Proregress, among the many language discoveries that emerged from E. E. Cummings’ experiment in poetry, introduced in the XIXth section of W ViVa (1931), is a word made of the condensation of progress and regress. As a word made from the combination of progress and regress, Proregress was used to teasingly criticize the Western enlightenment narratives that abide by progressivism, meanwhile suggesting the ambivalence and anxiety of the early 21st century provoked by the transformation and stagnation which firmly contradict both optimists and pessimists alike. 

For the Chinese title, the curatorial team chose the concept of “禹步”(Yubu), the basic mystic dance step of Daoist ritual in ancient China. Chief Curator Medina indicates that this vigorous dance step implies values of artworks and inspirations for mankind, in an era of complexity. He noted, “This is also a way to suggest that, despite the anxieties that these artworks convey, they are all permeated by a creative coming and going of ideas, desires, and concepts. These works illustrate a commitment to transforming our sensibilities into new ways of living, mimicking the manner with which contemporary art and culture confront the complexities of our time.”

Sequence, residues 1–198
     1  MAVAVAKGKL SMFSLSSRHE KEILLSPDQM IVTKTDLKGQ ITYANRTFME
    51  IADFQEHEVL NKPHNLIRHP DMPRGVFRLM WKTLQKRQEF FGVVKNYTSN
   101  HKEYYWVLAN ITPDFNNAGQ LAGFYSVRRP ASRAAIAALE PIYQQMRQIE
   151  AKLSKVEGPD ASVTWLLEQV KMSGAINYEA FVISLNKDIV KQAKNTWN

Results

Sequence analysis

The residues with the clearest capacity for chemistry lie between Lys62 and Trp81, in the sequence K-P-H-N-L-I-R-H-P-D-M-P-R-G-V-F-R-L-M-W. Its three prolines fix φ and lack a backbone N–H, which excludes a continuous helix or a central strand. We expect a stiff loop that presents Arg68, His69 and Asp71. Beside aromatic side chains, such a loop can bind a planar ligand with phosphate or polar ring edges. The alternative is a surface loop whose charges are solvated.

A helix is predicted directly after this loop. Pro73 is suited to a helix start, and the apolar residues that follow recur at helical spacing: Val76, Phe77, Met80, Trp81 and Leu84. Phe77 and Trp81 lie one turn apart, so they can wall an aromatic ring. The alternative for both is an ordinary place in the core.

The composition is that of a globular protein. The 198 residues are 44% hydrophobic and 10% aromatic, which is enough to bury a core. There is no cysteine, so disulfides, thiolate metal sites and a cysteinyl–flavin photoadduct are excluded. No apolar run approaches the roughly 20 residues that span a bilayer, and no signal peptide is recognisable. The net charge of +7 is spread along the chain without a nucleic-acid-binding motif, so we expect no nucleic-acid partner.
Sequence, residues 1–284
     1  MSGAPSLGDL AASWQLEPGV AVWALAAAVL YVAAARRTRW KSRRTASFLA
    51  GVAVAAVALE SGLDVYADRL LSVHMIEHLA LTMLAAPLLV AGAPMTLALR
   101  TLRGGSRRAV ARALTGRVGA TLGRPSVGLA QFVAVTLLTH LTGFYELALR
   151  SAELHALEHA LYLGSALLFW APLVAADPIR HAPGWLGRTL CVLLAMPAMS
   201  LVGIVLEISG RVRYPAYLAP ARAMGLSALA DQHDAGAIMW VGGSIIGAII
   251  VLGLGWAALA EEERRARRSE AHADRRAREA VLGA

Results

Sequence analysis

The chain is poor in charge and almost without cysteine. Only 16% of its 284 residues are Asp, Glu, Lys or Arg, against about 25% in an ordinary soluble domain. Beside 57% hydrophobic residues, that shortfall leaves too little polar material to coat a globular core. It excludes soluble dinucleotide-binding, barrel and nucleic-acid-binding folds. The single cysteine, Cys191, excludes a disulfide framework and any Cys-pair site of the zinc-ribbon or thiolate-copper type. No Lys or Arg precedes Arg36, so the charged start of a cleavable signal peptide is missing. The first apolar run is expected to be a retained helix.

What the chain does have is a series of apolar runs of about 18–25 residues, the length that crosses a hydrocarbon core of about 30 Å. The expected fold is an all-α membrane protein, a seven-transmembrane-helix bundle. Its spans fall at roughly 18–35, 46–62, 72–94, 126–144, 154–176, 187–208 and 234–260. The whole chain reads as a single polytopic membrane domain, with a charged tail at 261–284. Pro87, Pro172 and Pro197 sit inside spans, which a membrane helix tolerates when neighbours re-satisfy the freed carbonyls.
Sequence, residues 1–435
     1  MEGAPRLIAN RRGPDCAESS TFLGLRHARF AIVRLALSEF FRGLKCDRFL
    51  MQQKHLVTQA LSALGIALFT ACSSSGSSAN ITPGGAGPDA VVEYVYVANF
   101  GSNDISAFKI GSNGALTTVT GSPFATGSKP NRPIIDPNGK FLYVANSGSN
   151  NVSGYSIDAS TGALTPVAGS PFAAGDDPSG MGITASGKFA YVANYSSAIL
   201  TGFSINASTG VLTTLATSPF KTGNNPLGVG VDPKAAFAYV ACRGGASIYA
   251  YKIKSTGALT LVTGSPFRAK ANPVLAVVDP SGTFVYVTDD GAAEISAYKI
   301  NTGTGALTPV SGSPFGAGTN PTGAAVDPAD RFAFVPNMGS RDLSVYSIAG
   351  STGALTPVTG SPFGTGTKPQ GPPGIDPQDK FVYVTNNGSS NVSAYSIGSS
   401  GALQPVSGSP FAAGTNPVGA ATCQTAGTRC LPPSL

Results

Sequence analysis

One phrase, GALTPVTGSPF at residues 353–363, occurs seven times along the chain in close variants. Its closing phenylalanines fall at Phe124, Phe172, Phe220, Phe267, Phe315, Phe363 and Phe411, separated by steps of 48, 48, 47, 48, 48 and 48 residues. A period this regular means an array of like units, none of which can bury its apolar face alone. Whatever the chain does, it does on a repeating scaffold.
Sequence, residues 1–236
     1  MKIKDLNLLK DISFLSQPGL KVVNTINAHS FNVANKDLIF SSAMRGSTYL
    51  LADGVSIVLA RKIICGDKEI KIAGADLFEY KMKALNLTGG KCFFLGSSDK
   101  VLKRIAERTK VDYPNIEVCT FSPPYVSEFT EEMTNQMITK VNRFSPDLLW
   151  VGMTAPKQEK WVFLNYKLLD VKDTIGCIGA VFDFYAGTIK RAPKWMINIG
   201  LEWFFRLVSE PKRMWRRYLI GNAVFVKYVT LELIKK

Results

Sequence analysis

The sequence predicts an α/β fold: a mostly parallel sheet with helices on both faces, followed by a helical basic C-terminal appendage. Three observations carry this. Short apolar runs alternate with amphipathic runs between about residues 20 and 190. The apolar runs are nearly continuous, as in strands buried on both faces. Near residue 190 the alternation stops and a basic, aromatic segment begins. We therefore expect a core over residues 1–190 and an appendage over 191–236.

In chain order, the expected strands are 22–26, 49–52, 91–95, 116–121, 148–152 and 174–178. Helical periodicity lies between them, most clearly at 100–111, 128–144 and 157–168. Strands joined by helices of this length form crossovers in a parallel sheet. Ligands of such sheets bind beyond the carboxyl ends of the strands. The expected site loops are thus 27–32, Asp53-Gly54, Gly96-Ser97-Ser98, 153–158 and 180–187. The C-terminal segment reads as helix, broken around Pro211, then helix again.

The curatorial team believes, “This biennale is devoted to exploring the way contemporary artists discuss and evoke the ambivalent nature of our time. The projects and works this exhibition presents attest to the deep involvement of artists around the world in critically researching the present and the past, in terms of the production of forms of aesthetic knowledge and questioning of the role of culture.”

The 12th Shanghai Biennale presents works by 67 artists and artist groups from 26 countries, including 20 from China, 31 from Asia, and this is also the first time works by Latin American artists will be shown on a large scale in the history of Shanghai Biennale.